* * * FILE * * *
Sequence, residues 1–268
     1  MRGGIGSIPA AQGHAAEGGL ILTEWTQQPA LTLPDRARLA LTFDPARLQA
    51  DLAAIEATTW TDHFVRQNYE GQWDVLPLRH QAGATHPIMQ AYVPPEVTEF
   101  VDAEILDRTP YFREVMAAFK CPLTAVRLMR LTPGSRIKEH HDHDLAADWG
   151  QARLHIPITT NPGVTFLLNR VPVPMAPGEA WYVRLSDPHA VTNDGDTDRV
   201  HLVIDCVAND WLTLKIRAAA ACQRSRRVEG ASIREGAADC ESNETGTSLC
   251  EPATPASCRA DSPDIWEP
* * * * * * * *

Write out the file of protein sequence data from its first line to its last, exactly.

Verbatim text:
Sequence, residues 1–268
     1  MRGGIGSIPA AQGHAAEGGL ILTEWTQQPA LTLPDRARLA LTFDPARLQA
    51  DLAAIEATTW TDHFVRQNYE GQWDVLPLRH QAGATHPIMQ AYVPPEVTEF
   101  VDAEILDRTP YFREVMAAFK CPLTAVRLMR LTPGSRIKEH HDHDLAADWG
   151  QARLHIPITT NPGVTFLLNR VPVPMAPGEA WYVRLSDPHA VTNDGDTDRV
   201  HLVIDCVAND WLTLKIRAAA ACQRSRRVEG ASIREGAADC ESNETGTSLC
   251  EPATPASCRA DSPDIWEP